Author identity unknown: Git is designed to accurately record the history of changes made to a codebase, including information about who made each change. When you make a commit, Git includes your name and email address in the commit metadata. This helps other contributors understand who made specific changes.

If you see a message from Git saying "author identity unknown", it means Git hasn't been properly configured with your name and email. This typically happens when you try to commit before you've told Git who you are.

Here's how you can set your identity in Git:

Setting Your Name: You can tell Git your name with the git config command. This command lets you configure Git's settings. To set your name, you would type:

git config --global "Your Name"

Be sure to replace "Your Name" with your actual name.

Setting Your Email: Similarly, you can set your email with the git config command:

git config --global ""

Again, replace "" with your actual email address.

These git config commands store your name and email in Git's global configuration, which means Git will use this information for all projects on your computer. If you want to use different information for a specific project, you can remove the --global option and run the commands while inside that project's directory.

After running these commands, future commits will include the name and email you provided. You won't see the "author identity unknown" message again unless you try to commit from a different computer that hasn't been configured with your name and email.

The Pacific Sea Nettle
Photo by Pathum Danthanarayana / Unsplash

Link your local repository to the remote repository: Before you can push your changes to the remote repository, you need to tell Git where the repository is. This is done using the 'git remote add' command:

git remote add origin [URL-of-your-remote-repository]

Replace '[URL-of-your-remote-repository]' with the actual URL of your remote repository. You can find this URL on the main page of your repository on GitHub or any other Git-based platform you're using.

Wait...what? SSH ? Who dis ?

Usually, when you want to make changes to your project stored on GitHub, you need to prove it's really you by typing in your username and password each time. This can be a little annoying if you're making changes often. So, to make this easier, we're going to teach GitHub to recognize your computer, so you won't have to enter your password each time.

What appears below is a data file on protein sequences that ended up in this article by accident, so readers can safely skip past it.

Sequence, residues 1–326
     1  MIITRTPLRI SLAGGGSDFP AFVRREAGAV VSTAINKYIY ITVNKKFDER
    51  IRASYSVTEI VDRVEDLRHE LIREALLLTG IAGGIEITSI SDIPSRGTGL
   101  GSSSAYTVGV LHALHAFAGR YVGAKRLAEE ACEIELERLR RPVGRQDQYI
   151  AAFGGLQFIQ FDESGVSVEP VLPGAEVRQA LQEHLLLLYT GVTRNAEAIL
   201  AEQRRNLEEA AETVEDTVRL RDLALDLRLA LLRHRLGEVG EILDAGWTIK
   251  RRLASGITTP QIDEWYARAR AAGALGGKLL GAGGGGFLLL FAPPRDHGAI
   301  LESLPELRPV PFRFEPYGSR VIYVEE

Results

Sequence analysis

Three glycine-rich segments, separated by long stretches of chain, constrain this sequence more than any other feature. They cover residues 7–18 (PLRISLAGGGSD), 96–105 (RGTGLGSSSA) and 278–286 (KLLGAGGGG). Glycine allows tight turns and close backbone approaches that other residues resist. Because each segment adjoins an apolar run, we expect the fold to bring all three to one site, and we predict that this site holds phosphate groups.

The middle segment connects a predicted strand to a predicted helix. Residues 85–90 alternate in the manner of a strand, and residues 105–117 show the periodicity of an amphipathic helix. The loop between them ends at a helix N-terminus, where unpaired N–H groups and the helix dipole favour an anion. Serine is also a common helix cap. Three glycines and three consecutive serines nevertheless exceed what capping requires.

To do this, we're going to create a special "key" on your computer. You can think of this key as a secret handshake that your computer and GitHub understand. Once this key is created, we'll give a copy of it to GitHub.

Then, the next time your computer talks to GitHub, it will use this special key. GitHub will recognize the key and say, "Ah, I know you! You're allowed to make changes without typing in the password". And just like that, you won't have to authenticate each time you want to modify your project.

1. Open Git Bash

2. Paste the text below, substituting in your GitHub email address.

ssh-keygen -t ed25519 -C ""

This creates a new SSH key, using the provided email as a label.

> Generating public/private ALGORITHM key pair.

When you're prompted to "Enter a file in which to save the key", you can press Enter to accept the default file location. Please note that if you created SSH keys previously, ssh-keygen may ask you to rewrite another key, in which case we recommend creating a custom-named SSH key. To do so, type the default file location and replace id_ssh_keyname with your custom key name.

Push your changes to the remote repository: Now that your local repository knows where your remote repository is, you can push your changes:

git push -u origin main

Your project is now on GitHub, well done!

Share this post